Monthly Archives: December 2011

United States Awarded “Most Charitable Nation”

It is the season of giving, and the United States is in the holiday spirit. Amid all the commercialization of the holidays, the emphasis on toys, candy, and food, and the children who look forward to this time all year long the United States still remembers the old adage that “it is better to give than to receive”. America was polled, in a recent worldwide survey, as the most charitable nation on Earth. Amid all the political turmoil, financial trouble, Occupy protests, and interclass back biting we somehow find a way to be decent people. The truth is that this is still the greatest country on Earth, no matter what the news will tell you; and it is not even close. You would never guess this if you did not live in the country; the news (all news channels are guilty of this) portrays America as a violent, selfish, corrupt, stubborn, and uninvolved nation. The truth is absolutely the opposite. Read the rest of this entry

Payroll Tax Extension

$160 billion. To the government this is spare change, it amounts to roughly a mere 1.1% of the deficit the government has built. To American citizens, $160 billion means an extra $1000 for most families. That is how much money the new pay roll tax cut President Obama and the Congress have been bickering over for the better part of a month will save Americans. Most agree that the cut needs to be extended, though not all believe so. Predictably, the conflict has been over how to pay for the tax cut. Even more predictably, Democrats argue that the tax needs to be paid for by implementing a surtax on those making over $1 million; Republicans abhor this idea, arguing that spending cuts can be implemented to offset the revenue loss. The deadline for the extension is New Year’s Eve, when the current tax cut expires. If no deal is reached the payroll tax will increase 2% to the normal level of 6.2%. This week the Senate, unable to forge a deal to extend the cut into next year, passed a two month extension of the current cuts, giving them time to have a holiday recess and be able to continue the debate when they return, in hopes of passing a real extension for the entire year of 2012. The House voted on the Senate two month extension yesterday, and it was defeated in a partisan vote; Republicans against the short term extension and Democrats for it. This was surprising to many considering the right wing hatred of taxes. It was widely believed, particularly by Democrats, that House Speaker John Boehner (Rep, OH) was intentionally delaying a vote on the two month extension because he was aware that many republicans supported the bill and that a vote would lead to it passing. The House Republicans claim they want to create a long term deal before the deadline and not “kick the can” another 60 days. Read the rest of this entry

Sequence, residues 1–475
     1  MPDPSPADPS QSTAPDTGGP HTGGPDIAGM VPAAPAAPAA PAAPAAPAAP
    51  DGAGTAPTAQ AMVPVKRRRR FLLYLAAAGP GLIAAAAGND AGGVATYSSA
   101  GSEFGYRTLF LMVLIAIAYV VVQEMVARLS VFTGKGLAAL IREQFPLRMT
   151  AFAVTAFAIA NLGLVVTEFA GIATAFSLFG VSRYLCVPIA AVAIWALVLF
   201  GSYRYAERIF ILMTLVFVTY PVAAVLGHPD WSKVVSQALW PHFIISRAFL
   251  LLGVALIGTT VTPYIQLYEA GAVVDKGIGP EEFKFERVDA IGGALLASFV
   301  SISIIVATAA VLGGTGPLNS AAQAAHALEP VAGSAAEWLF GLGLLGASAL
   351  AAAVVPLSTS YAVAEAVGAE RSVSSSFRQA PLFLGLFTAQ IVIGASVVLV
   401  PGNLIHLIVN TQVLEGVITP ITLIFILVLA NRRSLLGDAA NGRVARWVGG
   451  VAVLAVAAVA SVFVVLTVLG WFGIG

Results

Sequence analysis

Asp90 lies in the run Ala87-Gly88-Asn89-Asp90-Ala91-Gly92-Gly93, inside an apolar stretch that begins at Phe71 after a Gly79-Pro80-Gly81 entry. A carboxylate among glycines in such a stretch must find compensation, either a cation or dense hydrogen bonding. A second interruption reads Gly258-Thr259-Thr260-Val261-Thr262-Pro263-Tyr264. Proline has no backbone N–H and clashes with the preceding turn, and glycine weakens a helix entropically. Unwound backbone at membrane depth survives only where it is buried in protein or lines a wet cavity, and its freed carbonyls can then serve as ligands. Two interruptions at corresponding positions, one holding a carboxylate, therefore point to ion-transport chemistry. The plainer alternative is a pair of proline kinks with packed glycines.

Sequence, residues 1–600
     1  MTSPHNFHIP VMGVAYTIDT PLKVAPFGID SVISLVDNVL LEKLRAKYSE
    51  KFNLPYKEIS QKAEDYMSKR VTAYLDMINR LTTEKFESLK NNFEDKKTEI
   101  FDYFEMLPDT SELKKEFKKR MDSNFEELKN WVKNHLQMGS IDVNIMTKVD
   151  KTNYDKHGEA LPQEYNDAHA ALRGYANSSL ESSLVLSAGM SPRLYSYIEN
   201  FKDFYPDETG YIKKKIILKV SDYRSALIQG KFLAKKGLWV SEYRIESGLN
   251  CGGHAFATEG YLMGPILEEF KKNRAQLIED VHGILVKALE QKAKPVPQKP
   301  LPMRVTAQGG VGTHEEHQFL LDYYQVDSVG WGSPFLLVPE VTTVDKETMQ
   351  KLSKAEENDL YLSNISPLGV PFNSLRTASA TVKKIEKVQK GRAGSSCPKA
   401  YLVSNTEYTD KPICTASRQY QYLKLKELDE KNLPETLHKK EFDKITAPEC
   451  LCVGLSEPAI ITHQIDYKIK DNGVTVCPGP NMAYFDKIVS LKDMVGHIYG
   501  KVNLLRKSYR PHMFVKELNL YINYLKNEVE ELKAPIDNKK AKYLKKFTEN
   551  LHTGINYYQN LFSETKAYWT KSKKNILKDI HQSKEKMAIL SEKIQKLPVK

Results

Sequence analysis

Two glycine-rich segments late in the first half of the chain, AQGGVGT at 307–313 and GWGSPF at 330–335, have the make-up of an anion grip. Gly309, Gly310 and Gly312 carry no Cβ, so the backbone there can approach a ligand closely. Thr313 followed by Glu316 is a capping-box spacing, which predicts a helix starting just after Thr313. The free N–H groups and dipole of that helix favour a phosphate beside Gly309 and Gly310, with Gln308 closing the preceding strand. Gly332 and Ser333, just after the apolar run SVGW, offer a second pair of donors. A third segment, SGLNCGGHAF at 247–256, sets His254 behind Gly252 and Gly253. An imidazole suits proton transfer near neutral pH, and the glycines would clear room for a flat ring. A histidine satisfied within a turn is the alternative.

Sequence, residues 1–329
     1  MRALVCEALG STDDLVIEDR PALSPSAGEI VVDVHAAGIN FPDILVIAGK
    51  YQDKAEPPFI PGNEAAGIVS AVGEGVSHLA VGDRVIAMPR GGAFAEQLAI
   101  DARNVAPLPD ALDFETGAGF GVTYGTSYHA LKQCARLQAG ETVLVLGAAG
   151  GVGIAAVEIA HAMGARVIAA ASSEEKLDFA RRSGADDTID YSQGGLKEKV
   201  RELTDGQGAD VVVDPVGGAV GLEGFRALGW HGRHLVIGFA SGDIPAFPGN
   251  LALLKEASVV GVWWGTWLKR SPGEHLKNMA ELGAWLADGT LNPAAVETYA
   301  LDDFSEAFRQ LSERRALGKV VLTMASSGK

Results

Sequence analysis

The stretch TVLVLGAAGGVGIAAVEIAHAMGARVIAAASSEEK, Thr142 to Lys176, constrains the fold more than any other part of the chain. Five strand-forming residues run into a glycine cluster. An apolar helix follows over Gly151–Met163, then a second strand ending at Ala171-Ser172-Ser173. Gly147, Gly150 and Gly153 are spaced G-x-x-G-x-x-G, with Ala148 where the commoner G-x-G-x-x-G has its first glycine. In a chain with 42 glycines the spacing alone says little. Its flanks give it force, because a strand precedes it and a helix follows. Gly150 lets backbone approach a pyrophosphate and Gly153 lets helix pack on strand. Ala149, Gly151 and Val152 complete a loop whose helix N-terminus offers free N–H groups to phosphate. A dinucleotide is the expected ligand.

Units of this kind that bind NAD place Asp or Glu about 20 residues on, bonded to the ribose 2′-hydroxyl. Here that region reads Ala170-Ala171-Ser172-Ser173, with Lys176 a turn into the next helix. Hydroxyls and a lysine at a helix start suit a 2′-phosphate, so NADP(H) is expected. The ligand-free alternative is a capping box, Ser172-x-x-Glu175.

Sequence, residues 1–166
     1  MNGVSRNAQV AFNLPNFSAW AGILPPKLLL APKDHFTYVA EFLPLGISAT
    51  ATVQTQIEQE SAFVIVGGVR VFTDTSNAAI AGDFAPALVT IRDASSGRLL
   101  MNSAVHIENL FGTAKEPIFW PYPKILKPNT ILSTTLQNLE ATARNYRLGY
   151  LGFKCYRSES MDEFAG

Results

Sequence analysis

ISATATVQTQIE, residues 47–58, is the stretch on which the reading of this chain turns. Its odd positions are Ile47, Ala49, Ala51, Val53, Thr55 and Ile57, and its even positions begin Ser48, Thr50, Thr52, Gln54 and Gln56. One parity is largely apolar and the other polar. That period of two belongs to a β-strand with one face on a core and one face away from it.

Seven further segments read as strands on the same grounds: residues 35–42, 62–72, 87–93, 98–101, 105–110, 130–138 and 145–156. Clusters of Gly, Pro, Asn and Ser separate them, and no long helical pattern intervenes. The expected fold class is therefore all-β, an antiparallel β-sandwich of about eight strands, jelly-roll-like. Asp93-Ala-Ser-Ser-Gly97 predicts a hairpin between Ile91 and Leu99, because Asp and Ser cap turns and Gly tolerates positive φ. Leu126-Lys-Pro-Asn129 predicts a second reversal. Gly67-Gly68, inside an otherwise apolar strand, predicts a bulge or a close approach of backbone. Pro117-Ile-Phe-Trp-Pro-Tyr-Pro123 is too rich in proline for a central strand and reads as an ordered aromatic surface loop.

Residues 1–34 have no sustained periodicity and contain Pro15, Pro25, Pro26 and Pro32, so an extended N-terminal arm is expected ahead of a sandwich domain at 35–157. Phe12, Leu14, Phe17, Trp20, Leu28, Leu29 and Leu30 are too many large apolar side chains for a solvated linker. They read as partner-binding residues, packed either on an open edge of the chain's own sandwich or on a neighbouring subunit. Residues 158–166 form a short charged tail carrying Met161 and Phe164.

Constitutional rights and terrorism

Do terrorists deserve the protection which the citizens of the United States enjoy due to our constitutional rights? That question spawned an in intriguing debate in congress this week, as the senate passed a $662 billion defense bill. In itself the bill cuts defense spending by $43 billion from last year, as well as falling cutting $27 billion from the amount requested by President Obama for defense. The peculiar thing about this bill is not that it cut defense spending by six and a half percent, but that it attempted to address the matter of detaining and holding terrorists, and failed to do so. The question at the core of the debate was how to handle terrorists arrested on U.S. soil, and particularly those who are citizens. Can they be held indefinitely? Should the arrest and detention be handled by law enforcement, or the military? Do they deserve the right to an attorney and a criminal trial? All of these questions came up, and none were answered by this election wary senate. Read the rest of this entry

Judge Rejects Settlement Between SEC and Citigroup

Wall Street does not run America; the citizens of this great nation are adamant about that belief and they took to the streets this fall to demonstrate their insistence. Judge Jed Rakoff, a New York district Judge has thrown out the settlement between the Securities and Exchange Commission (SEC), the government entity tasked with ensuring Wall Street does not break financial laws and regulations, and Citigroup, one of the largest banking corporations in the world. Rakoff was clear and blunt, stating that he sided with the American people, not the big banks.

“In much of the world, propaganda reigns, and truth is confined to secretive, fearful whispers,” said Judge Rakoff. “Even in our nation, apologists for suppressing or obscuring the truth may always be found. But the SEC, of all agencies, has a duty, inherent in its statutory mission, to see that the truth emerges; and if it fails to do so, this court must not, in the name of deference or convenience, grant judicial enforcement to the agency’s contrivances.” Read the rest of this entry

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